Report: 'National Day Of Slayer' Web Site Takes Credit For Inspiring Vandalism At Seminary

Gary Stern of Westchester, New York's The Journal News has issued the following report:

A Web site that glorifies the thrash metal band SLAYER is taking credit for inspiring unknown vandals to spray paint pentagrams and upside-down crosses at the entrance to St. Joseph's Seminary in Yonkers last week.

The site was set up last month to promote a National Day of Slayer on June 6.

To participate, according to the site, one had only to play SLAYER "at full blast." But the site also included several ways to "take participation to a problematic level," including: "Spray paint SLAYER logos on churches, synagogues, or cemeteries."

The vandalism at the seminary, which was done in the early hours of June 7, included the words "Reign in Blood", the name of SLAYER's most popular record.

The Web site — www.nationaldayofslayer.org — now brags that Day of Slayer was a huge success. As proof, it offers a copy of a Journal News article about the vandalism and a link to a CBS TV report about it. [View the CBS TV report at this location.]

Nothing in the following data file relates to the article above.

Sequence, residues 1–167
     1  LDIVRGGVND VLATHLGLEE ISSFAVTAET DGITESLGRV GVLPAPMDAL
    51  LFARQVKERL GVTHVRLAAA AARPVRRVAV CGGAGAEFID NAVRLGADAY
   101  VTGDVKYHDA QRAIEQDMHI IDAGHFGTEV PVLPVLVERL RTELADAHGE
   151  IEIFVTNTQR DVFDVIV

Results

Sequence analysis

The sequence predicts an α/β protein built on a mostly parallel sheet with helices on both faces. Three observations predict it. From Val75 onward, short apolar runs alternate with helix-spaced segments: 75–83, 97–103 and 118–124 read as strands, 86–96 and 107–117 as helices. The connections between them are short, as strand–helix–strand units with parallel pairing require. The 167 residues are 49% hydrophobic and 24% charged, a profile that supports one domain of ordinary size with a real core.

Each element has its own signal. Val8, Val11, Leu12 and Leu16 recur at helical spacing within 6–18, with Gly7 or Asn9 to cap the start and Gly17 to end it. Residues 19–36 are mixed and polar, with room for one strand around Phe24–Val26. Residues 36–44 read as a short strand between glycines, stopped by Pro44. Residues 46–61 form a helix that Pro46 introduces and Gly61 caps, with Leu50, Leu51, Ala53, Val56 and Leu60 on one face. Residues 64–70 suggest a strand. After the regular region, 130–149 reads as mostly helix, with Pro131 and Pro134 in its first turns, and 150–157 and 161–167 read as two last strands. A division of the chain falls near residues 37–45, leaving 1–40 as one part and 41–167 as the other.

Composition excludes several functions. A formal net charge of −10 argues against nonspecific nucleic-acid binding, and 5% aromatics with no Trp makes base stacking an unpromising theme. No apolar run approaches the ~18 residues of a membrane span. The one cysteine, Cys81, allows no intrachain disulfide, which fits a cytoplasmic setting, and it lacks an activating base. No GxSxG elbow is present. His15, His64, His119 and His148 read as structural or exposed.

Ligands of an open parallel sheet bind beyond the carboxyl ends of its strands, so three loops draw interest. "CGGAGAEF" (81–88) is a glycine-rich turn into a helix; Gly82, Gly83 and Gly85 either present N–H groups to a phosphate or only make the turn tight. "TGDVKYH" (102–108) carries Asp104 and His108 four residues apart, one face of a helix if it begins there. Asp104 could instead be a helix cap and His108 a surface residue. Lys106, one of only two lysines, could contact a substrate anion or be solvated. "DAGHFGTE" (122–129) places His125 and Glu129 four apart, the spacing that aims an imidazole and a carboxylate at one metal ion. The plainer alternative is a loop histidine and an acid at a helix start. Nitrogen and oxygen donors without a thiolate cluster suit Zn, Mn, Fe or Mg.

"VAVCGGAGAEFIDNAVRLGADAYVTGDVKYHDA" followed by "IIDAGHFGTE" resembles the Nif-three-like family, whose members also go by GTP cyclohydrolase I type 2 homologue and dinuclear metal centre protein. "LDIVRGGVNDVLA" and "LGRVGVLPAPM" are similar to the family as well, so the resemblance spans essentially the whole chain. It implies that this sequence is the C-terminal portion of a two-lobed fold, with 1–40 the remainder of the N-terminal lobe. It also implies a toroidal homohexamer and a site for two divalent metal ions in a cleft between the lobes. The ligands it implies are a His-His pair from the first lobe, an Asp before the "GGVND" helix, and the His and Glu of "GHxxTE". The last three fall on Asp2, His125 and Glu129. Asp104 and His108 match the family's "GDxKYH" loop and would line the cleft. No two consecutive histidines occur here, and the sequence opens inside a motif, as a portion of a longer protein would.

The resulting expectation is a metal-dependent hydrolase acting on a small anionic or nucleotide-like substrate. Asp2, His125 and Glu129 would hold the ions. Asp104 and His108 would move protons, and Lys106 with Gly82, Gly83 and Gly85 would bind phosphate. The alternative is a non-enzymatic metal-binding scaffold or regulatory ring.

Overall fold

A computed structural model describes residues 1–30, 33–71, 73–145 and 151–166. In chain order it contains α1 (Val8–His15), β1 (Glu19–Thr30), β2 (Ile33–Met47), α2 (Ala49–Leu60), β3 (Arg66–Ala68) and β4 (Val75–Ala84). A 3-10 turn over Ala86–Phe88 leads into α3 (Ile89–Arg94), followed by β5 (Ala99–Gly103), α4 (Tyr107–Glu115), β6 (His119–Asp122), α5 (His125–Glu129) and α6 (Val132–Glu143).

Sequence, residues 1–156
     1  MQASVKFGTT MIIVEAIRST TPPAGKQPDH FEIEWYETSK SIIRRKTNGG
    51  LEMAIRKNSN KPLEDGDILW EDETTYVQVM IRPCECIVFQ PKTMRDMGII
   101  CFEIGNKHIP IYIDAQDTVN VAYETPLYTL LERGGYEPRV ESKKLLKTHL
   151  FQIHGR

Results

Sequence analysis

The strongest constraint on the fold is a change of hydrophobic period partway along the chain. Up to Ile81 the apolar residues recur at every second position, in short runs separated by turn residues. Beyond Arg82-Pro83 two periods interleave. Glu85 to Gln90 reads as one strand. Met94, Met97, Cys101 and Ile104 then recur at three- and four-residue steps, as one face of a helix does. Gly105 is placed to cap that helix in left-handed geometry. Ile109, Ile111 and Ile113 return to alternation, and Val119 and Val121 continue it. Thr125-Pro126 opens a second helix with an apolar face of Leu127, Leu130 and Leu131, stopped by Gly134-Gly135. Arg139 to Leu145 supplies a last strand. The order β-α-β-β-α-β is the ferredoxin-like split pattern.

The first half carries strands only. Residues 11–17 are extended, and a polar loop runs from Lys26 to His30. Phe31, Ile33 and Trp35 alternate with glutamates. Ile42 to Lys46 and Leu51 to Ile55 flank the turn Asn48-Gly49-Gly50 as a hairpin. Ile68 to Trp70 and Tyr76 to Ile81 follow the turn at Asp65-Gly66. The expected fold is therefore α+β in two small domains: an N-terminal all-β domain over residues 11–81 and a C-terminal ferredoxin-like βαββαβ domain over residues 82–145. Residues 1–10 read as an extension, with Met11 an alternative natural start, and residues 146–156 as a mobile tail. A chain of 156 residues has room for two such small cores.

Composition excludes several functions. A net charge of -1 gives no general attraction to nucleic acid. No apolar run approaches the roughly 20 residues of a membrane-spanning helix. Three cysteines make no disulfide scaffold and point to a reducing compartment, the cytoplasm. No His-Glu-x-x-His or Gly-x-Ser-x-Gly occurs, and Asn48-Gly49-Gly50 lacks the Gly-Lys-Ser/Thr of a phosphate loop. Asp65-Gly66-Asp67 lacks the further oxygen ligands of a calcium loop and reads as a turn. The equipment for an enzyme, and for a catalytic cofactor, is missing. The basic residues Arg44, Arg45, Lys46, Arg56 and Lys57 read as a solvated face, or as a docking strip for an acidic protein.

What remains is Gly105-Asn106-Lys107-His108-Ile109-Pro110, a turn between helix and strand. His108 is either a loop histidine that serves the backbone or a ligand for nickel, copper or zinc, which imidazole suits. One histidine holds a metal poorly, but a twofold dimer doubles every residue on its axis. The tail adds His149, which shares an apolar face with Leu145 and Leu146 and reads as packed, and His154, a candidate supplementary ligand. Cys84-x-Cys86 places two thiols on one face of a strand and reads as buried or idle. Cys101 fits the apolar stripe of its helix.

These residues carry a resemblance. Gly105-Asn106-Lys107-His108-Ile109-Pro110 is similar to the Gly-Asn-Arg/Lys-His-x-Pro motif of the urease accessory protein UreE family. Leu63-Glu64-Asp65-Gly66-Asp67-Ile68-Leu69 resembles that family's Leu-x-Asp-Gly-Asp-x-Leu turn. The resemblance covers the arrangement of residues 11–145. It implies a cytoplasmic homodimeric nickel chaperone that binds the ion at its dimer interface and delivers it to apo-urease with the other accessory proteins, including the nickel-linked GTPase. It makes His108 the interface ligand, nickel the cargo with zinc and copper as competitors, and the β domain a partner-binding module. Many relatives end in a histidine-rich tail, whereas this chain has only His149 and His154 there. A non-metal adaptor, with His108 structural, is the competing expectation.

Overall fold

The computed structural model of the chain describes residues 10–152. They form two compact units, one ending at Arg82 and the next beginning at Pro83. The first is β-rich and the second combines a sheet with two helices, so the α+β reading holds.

The creator of the site, in a telephone interview yesterday, said his rules for Day of Slayer participation were somewhat tongue-in-cheek, while acknowledging that there was an "activist" side to heavy metal culture.

"We don't have a voice to say that maybe we want America to be an agnostic state," said JT, who said he is 31, lives in Wyoming and does contract work in the information technology industry. "What other option do we have to express our distaste? It was not an outright recommendation, but an acknowledgment of what kids do."

JT would not provide his real name, but contacted The Journal News after the newspaper sent an e-mail to his Web site. He said he has no idea who committed the vandalism and that he has not been contacted by law-enforcement authorities.

Yonkers police Capt. Edward Geiss didn't know much about the Web site yesterday.

"Basically, the police department is looking into all angles," he said. "Whether this group is associated with any activity, we don't know."

JT said the goal of National Day of Slayer was to spread the word that heavy metal fans have a serious, organized culture of their own. And it's not just in America. His Web site has been translated into several languages, including Polish, Serbian and Icelandic.

Read the entire report at www.thejournalnews.com.

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